Advocacy Posters.

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Created: 09/29/11
Last Edited: 01/24/13
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Description
Two poster designs for a chosen advocacy group and advocacy issue facing todays society.
  • Equal Rights Advocacy Poster.
    Our first project of the semester will be to create a pair of advocacy posters. Possible themes for the project include dissent, liberation, racism, sexism, human rights, civil rights, environmental and health concerns, AIDS, war, literacy, and tolerance.Among our research resources is an on-line exhibition The Graphic Imperative:International Posters for Peace, Social Justice, and the Environment, 1965-2005 www (thegraphicimperative.org). The Graphic Imperative is a select retrospective of forty years of international sociopolitical posters. The 111 posters in this exhibition emphasize the issues of our turbulent times and endeavor to show the social, political, and aesthetic concerns of many cultures and divergent political realities.Of the pair of advocacy posters that you design one will use type and image and the other use type as image. You will be able to chose: 1) the actual advocacy group that would sponsor the message 2) the specific issue/message of the poster 3) the targeted audience that the poster seeks to address and 4) propose the remedy or action for the specific issue/problem.
  • Concept Statement.
    If two consenting adults wish to start a life together, they will have few obstacles in the way of obtaining the government benefits offered to married couples, unless these two happen to be gay.  With the current laws barring legal unions among gays and lesbians, they will not be eligible for many financial, legal and security benefits that are granted to heterosexual couples with marriages recognized by the U.S. government.  While still maintaining its sacred and ceremonious nature, marriage should not be a concern of the government but a strictly religious practice administered by churches.  However an option should be available for couples (heterosexual and homosexual alike) who wish to enter into a committed relationship recognized by the law, in which they can partake of government benefits.  A religion reserves the right to establish its own guidelines and beliefs and should not have to change them.  Religious marriages would not necessitate benefits from the State, although a married couple would be able to pursue the same benefits. Under the eyes of the law, everyone deserves equal rights and an equal opportunity to be with their chosen partner (and participate in the benefits of that union).  To work towards this idea being enacted into law, go to AU.org and click on “Take Action” to be guided on how you can have an impact or click “Donate” to give money to American United to help fight towards their goals.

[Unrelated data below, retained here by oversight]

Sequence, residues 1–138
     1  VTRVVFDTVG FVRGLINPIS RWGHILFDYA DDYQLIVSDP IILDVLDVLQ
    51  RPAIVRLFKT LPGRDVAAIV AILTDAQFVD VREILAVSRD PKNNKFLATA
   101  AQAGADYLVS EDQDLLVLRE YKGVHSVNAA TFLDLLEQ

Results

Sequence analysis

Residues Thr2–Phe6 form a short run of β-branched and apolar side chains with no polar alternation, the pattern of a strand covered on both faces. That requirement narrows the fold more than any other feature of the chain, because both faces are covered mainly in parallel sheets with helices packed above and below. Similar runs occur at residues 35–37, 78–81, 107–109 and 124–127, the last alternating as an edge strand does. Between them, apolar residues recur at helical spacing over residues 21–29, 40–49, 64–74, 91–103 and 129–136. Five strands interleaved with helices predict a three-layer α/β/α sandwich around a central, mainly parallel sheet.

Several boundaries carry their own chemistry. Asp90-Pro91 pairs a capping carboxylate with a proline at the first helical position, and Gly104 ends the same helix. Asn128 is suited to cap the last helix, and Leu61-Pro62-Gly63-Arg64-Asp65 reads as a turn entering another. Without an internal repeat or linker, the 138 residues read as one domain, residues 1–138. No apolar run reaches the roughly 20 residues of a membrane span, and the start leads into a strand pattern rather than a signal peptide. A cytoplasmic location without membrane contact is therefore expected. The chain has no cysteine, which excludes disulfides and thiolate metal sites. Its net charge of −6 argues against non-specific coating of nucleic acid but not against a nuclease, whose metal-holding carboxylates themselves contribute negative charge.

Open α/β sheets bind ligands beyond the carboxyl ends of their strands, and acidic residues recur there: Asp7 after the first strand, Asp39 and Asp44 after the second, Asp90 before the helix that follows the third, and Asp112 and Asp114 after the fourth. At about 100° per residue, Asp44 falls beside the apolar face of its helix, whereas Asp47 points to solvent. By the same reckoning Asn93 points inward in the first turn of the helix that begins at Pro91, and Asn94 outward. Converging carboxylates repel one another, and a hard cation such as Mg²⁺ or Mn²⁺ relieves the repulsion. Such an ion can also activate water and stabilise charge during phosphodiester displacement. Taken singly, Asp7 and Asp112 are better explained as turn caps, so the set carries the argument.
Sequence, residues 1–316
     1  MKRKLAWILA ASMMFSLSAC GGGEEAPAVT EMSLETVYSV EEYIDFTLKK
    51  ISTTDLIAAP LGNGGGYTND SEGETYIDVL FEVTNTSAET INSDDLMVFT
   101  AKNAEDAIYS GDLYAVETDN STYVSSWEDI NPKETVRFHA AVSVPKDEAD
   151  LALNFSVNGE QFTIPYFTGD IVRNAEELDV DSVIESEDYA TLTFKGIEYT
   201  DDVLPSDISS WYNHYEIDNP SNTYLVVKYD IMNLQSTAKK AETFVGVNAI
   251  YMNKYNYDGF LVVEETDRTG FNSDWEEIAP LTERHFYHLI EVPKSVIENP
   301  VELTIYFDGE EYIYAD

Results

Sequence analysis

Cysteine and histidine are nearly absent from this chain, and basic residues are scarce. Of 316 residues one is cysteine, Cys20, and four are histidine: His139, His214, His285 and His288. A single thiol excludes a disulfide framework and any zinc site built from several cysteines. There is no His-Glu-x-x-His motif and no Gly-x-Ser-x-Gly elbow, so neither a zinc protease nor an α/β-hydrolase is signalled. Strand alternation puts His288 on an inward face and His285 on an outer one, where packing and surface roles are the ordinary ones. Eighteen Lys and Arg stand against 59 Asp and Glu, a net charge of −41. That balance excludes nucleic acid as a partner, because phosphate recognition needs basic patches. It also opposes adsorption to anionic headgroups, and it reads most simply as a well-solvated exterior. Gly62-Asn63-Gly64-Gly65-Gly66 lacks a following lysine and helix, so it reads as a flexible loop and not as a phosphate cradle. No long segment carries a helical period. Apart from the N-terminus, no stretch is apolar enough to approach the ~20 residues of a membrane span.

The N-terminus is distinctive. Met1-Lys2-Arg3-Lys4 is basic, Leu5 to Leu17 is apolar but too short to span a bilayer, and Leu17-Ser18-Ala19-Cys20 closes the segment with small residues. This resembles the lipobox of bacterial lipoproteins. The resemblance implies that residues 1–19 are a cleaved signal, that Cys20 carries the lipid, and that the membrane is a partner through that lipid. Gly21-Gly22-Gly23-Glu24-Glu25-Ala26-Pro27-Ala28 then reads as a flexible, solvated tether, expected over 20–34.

• Rights Denied to Same Sex Couples:
    Death: If a couple is not married and one partner dies, the other partner is not entitled to bereavement leave from work, to file wrongful death claims, to draw the Social Security of the deceased partner, or to automatically inherit a shared home, assets, or personal items in the absence of a will.

    Debts: Unmarried partners do not generally have responsibility for each other's debt.

    Divorce: Unmarried couples do not have access to the courts, structure, or guidelines in times of break-up, including rules for how to handle shared property, child support, and alimony, or protecting the weaker party and kids.

    Family leave: Unmarried couples are often not covered by laws and policies that permit people to take medical leave to care for a sick spouse or for the kids.